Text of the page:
EDC’s founding in 1958 by university scholars and researchers coincided with a growing national investment in the education sector. Since that time, EDC has been a vital force in bridging research, policy, and practice in the following ways:
As scholar and educator Jerome Bruner noted, EDC started off like so much does in the United States—in response to an unmet need. The Cold War and the emergence of the Russian space program in the late 1950s stoked U.S. concerns about a glaring national weakness in math and science.
In response, EDC founder Jerrold Zacharias, an eminent physics professor at the Massachusetts Institute of Technology, brought together some of the nation’s top scientists, teachers, and technical specialists to develop a new high school physics curriculum, PSSC Physics. This curriculum, funded by the National Science Foundation, focused on science as the product of experiment and theory, constructed by real people. EDC introduced it successfully in schools across the country and eventually in many parts of the world.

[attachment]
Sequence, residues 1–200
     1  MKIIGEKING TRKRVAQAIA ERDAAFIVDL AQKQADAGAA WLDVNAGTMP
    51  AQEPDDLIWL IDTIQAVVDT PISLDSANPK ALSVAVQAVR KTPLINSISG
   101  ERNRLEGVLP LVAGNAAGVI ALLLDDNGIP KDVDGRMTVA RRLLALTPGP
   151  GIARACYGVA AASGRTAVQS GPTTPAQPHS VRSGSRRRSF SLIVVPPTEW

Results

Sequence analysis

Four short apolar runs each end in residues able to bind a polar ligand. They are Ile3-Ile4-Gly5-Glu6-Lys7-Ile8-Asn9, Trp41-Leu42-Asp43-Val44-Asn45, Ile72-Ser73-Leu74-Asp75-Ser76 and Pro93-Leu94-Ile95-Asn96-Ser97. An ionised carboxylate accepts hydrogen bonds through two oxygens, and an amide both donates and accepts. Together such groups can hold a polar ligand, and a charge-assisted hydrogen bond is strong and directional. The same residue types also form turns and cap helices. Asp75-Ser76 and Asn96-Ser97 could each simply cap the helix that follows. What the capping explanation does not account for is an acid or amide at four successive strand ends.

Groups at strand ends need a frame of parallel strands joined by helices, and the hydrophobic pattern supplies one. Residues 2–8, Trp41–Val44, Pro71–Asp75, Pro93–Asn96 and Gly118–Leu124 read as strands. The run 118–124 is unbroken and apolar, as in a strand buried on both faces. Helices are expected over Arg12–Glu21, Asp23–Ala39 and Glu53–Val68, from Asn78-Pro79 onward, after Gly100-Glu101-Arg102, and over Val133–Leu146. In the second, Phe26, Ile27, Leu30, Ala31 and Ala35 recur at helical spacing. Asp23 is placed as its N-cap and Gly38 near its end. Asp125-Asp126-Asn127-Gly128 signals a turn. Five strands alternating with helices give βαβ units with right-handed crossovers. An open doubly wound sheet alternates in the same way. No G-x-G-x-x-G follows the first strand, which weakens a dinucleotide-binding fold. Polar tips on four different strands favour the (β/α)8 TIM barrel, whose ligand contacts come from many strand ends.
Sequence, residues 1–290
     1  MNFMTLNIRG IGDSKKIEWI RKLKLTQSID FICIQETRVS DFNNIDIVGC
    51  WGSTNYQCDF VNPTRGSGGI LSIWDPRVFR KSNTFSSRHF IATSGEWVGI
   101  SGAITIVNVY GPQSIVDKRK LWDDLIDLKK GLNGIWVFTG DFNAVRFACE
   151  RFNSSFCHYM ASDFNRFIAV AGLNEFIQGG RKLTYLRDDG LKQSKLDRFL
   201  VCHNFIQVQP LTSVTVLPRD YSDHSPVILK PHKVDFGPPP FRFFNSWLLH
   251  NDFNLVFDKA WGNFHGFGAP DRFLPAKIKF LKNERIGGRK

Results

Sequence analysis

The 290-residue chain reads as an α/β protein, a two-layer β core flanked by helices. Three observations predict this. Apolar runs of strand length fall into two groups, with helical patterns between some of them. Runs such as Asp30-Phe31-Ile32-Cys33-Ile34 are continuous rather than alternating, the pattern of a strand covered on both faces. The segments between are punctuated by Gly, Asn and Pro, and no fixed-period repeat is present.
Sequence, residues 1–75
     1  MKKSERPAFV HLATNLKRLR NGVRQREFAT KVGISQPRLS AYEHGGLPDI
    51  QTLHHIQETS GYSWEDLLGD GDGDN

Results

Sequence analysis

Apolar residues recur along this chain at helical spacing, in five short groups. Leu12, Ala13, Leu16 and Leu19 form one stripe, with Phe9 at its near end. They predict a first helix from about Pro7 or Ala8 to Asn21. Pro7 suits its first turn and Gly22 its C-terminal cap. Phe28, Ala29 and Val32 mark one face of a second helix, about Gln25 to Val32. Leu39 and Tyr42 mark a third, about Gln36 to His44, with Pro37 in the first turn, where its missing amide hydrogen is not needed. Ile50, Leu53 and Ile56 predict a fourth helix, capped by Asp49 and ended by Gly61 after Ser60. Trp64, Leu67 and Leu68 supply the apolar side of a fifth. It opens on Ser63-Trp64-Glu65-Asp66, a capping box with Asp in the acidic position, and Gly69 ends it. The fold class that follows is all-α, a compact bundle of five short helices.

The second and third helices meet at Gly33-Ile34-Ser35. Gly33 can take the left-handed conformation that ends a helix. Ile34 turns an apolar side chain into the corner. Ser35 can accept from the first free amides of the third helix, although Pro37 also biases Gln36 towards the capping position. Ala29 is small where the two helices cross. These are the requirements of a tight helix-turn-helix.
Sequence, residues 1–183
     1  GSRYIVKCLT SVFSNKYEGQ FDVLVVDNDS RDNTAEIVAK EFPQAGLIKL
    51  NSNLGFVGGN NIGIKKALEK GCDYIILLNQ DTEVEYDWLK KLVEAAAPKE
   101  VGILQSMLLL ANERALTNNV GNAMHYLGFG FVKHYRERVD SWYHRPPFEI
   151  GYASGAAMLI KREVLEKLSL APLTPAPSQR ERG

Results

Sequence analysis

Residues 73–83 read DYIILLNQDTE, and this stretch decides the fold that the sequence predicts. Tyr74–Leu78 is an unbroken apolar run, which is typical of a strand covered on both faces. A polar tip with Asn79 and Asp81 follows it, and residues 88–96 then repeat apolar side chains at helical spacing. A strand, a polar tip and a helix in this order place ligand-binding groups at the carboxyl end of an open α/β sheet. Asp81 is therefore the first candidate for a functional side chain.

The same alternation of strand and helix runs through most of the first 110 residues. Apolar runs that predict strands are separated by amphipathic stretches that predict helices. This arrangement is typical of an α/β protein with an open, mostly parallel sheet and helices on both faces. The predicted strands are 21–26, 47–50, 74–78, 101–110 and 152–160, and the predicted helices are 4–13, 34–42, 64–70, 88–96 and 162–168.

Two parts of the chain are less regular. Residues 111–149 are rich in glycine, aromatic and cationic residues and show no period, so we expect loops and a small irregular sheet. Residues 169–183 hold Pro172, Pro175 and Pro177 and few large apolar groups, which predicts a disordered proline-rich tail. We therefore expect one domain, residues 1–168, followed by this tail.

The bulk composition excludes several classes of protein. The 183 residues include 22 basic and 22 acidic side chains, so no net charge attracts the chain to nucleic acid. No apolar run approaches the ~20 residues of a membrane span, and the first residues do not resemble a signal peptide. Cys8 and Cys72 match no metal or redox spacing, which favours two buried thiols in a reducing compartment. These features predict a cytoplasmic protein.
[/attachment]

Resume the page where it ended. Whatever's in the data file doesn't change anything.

In the decades that followed, EDC’s work—the landmark curricula Man: A Course of Study and the African Primary Science Program—expanded to include projects addressing many of the major education, health, and social challenges facing our world. We have worked in 80 countries around the world and in all 50 U.S. states. Learn more about our areas of expertise, our many services, and our innovative resources.